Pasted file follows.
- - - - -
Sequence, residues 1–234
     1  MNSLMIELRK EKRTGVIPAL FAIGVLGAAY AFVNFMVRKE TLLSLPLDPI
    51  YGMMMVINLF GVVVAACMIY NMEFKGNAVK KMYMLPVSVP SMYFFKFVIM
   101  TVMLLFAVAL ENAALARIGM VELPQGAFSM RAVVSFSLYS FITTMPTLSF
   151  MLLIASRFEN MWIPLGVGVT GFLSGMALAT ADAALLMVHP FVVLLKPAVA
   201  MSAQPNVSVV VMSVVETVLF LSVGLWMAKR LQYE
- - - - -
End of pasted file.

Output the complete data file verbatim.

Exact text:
Sequence, residues 1–234
     1  MNSLMIELRK EKRTGVIPAL FAIGVLGAAY AFVNFMVRKE TLLSLPLDPI
    51  YGMMMVINLF GVVVAACMIY NMEFKGNAVK KMYMLPVSVP SMYFFKFVIM
   101  TVMLLFAVAL ENAALARIGM VELPQGAFSM RAVVSFSLYS FITTMPTLSF
   151  MLLIASRFEN MWIPLGVGVT GFLSGMALAT ADAALLMVHP FVVLLKPAVA
   201  MSAQPNVSVV VMSVVETVLF LSVGLWMAKR LQYE